¶ 8. Before proceeding to that question, we examine the other alternative. If this was not a situation in which appointed counsel would be required, could there still be error in denying a continuance to obtain counsel? Mayfield had two weeks' notice of the hearing. There was no evidence that he had sought to acquire counsel prior to the hearing date.
¶ 9. Whether to grant a continuance for any reason is a matter to be decided by the wise exercise of discretion by the trial court. Coleman v. State, 697 So.2d 777, 780 (Miss.1997). If in fact this was a hearing in which a constitutional right to counsel did not arise, that would be because the issues were not especially complex. If counsel in this setting was not of constitutional significance, then the attorney would have been present only as a useful but not mandatory adviser and spokesman. In situations in which no constitutional right to counsel exists, an accused should exercise diligence in obtaining his or her own attorney in order that the person can be present. Mayfield did not exercise such diligence. We find no abuse of discretion in denying a continuance on these facts unless the issues for the hearing were complex as meant in Riely.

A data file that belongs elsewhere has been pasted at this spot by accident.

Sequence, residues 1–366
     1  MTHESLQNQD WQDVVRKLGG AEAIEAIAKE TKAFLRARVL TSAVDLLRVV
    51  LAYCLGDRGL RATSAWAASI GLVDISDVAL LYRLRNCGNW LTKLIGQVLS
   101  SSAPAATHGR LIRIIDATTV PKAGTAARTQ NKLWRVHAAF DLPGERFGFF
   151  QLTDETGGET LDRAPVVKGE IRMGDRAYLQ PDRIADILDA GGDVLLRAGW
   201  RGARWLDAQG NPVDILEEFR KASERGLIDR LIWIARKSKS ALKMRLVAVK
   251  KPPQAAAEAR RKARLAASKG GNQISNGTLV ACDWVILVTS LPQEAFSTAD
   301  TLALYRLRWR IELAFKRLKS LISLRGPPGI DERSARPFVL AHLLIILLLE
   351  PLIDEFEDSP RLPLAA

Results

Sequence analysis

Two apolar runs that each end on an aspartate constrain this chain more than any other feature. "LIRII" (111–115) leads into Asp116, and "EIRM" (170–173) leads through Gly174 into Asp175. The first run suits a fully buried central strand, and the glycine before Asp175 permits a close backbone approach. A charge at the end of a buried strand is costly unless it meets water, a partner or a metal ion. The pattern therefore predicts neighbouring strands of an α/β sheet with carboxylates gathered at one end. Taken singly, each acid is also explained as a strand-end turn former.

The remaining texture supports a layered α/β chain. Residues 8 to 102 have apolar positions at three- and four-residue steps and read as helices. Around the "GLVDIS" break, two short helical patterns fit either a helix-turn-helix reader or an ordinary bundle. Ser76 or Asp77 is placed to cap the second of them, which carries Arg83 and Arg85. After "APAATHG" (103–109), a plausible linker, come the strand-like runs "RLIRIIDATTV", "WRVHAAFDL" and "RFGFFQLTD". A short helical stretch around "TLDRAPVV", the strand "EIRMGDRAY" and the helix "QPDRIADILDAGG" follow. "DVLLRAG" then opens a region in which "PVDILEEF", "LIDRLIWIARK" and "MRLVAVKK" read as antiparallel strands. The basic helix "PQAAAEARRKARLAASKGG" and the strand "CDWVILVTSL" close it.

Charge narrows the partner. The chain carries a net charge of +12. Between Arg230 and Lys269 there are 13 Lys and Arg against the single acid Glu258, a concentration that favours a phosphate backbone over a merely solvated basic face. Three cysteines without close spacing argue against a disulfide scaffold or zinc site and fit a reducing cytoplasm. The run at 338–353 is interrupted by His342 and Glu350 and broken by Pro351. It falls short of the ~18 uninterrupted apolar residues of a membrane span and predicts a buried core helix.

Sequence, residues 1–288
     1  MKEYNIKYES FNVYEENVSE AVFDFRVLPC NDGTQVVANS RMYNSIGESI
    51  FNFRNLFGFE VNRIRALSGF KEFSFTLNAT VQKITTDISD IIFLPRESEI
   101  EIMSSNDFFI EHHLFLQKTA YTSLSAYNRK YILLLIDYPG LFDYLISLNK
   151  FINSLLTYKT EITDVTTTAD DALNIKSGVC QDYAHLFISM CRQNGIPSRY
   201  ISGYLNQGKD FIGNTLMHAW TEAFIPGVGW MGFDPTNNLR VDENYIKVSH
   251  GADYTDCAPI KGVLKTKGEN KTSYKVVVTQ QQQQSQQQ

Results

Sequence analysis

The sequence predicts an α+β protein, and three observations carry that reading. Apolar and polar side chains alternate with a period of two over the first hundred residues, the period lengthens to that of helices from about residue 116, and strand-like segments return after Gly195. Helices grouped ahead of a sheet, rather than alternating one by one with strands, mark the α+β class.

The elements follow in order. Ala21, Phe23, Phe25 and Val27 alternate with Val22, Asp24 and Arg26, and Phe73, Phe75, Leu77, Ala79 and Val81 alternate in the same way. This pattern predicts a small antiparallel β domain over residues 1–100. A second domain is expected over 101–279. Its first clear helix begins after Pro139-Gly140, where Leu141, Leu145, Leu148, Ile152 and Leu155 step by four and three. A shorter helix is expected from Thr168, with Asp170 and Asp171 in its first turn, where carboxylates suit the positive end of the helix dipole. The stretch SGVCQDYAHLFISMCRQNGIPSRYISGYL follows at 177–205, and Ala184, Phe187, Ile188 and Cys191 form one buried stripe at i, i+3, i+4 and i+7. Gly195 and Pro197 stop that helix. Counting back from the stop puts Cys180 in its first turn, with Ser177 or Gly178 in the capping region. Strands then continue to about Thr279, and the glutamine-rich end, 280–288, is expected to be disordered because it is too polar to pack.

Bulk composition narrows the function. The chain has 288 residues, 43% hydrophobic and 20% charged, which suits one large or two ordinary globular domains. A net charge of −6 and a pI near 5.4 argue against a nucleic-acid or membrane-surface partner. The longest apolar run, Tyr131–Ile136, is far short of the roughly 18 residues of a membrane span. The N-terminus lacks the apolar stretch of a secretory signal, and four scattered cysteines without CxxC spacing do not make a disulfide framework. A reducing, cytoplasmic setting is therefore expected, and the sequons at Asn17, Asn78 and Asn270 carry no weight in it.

II. Alleged Errors at the Preliminary and Final Revocation Hearing.
¶ 10. Mayfield alleges several errors regarding the evidentiary support for the revocation of probation. These involve the failure of the court to determine whether Mayfield was financially able to pay court costs and the fine, whether there was sufficient proof of his failure to report to his probation officer, and whether he had been given notice that among the issues for revocation was his use of illegal drugs.